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gerardstrada
04-05-2008, 09:46 AM
The brilliant Sebastian Goetsch has released the new SG_CCTools for Color Management and Linear workflows.

You can find them here:

http://www2.informatik.hu-berlin.de/~goetsch/CCTools/

This is the first color management system that has been developed ever within any 3D commercial software, and is now available for Lightwave 3D.

You can see a kind of user's guide here (http://www.lightwiki.com/SG_CCTools_-_For_Color_Management_and_Linear_Workflows).

Have fun!




Gerardo

lardbros
04-05-2008, 10:12 AM
Cool, been waiting for these!

Is there going to be some nice illustrated docs to come or shall i just wait for the next issue of HDRI? :)

Many thanks to both of you... another world first for Lightwave... people need to shout about stuff like this, it makes a good impression of the lightwave community and the software as a whole!

gerardstrada
04-05-2008, 11:12 AM
Please, read the tutorial in lightwiki website that I linked in my first post.

The HDRI3D article on Issue# 19 is more oriented to CG studios and professionals that want to implement a coherent color management workflow through these advanced tools. So it's very advisable as well :)



Gerardo

lardbros
04-05-2008, 11:38 AM
Please, read the tutorial in lightwiki website that I linked in my first post.

The HDRI3D article on Issue# 19 is more oriented to CG studios and professionals that want to implement a coherent color management workflow through these advanced tools. So it's very advisable as well :)



Gerardo

God, im really sorry... i could have sworn i clicked on both links, but must have clicked the first one both times. That is exactly what i was after... PERFECT... absolutely perfect. This is incredible stuff guys!!! Thanks again for all your hard work, you must love lightwave so much to put this much time and effort in!

Castius
04-06-2008, 11:31 AM
This looks very cool!

Thanks

gerardstrada
04-06-2008, 12:34 PM
Glad it helps!


Many thanks to both of you... another world first for Lightwave... people need to shout about stuff like this, it makes a good impression of the lightwave community and the software as a whole!

You might be wondering, why we haven't seen a system like this in other big 3D package. Besides its use is a bit weird :alien: and not so evident for most of users, developer companies of main 3D packages are the same developer companies of main color grading systems (and they earn more money with these systems than with 3D softwares), so it's easy to figure out why we haven't seen something like this before in Maya or Max.

The benefits of SG_CCTools are more evident for motion picture production, but studios or CG professionals who make CG spots or VFX for TV or even CG illustrators, will be able to notice the advantages of this new system and the new way to manage their own work.

And I really hope LW users know how to appreciate Sebastian's generosity and the guessed right decision to use color profiles instead of real LUTs. Color grading systems that allow us to extend their benefits to CG work are really expensive (just some few studios can afford them), and now, any LW user has the same possibilities for free (if not better, since color profiles are more than 3DLUTs).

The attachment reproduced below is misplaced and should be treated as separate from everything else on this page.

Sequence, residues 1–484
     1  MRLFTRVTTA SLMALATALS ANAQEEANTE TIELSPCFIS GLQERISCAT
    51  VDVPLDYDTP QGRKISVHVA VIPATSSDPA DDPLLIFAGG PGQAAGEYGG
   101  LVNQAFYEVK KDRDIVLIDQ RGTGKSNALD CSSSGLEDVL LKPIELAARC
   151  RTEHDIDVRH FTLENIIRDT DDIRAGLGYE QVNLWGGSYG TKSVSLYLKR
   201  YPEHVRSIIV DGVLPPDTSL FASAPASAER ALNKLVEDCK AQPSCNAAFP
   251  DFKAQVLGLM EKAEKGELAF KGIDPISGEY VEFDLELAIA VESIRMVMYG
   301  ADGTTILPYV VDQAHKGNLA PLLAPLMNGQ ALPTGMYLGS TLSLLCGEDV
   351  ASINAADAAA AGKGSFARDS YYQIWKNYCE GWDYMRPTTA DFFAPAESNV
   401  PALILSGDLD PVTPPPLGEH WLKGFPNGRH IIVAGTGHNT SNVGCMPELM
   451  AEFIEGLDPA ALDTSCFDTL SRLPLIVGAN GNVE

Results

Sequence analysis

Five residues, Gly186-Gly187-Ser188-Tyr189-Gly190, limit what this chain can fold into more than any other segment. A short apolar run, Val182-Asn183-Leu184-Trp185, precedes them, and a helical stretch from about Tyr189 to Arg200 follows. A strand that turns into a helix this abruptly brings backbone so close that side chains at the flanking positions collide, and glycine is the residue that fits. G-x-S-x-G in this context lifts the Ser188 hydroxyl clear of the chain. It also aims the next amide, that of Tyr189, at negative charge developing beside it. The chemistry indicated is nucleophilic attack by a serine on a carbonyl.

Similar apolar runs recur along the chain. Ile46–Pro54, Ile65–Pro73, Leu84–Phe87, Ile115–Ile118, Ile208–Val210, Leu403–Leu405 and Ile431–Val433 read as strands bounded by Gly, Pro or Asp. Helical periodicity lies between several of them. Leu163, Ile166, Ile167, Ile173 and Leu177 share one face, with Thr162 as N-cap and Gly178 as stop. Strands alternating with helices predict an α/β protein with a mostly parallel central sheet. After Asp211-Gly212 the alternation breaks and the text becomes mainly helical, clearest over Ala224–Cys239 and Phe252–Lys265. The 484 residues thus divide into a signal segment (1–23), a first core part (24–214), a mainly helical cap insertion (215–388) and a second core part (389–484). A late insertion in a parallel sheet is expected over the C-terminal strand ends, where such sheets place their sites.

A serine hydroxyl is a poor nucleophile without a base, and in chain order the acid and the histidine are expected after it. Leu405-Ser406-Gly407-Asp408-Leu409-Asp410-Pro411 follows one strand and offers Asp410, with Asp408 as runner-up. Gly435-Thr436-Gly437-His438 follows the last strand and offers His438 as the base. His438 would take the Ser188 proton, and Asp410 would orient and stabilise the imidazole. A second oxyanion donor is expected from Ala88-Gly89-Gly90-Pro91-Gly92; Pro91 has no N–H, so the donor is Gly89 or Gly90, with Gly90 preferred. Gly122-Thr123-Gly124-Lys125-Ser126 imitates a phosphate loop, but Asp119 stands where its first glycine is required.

Just as starting point to notice in a simple way the advantages of this system: we haven't wondered at some time: why my reel doesn't look the same in TV than in my computer monitor? or why this CG illustration looks so different in paper? or for those who have had the opportunity: why our work looks so different in the cinema theater?

But this system not only help us to reduce these limitations, it facilitates A LOT the work in linear light, what provide us more realist results in an easier way. It has other benefits as well, but they are in fact more weird :D



Gerardo

Limbus
04-07-2008, 12:03 AM
Great Plugin. Thanks for sharing it for free.

Florian

RedBull
04-07-2008, 01:39 AM
Yep, Great work Sebastian, and to Gerado as well.:thumbsup:

Phil
04-07-2008, 01:51 AM
Yippee was followed by :( because there's no Mac version. Anything possible here, if we persuade community hero Mike (Lightwolf) to get in touch with you?

pixelranger
04-07-2008, 02:36 AM
This looks great.
Allthough, there is actually another software suite that is dedicated to color management and linear workflow on the market. It is exptremely nice.
Check out http://www.colorsymmetry.com/.
It focuses a bit more on color management and pipeline tools for film, though.
It is a commercial set of plugins and utilities and it is quite expensive, so unless you're running a studio that does a lot of film work its probably not aimed at you.

Releasing a package like this for free, though, is almost unheard of ;) and it could only happen withing the lw community. Wow. Thank you very much!!!!!!

Lightwolf
04-07-2008, 03:10 AM
Yippee was followed by :( because there's no Mac version. Anything possible here, if we persuade community hero Mike (Lightwolf) to get in touch with you?
The colour picker is windows dependant by the looks of it... and I'm not sure about the colour management library used either.
If it is OS dependant as well then a re-write would be quicker ;)

Cheers,
Mike

gerardstrada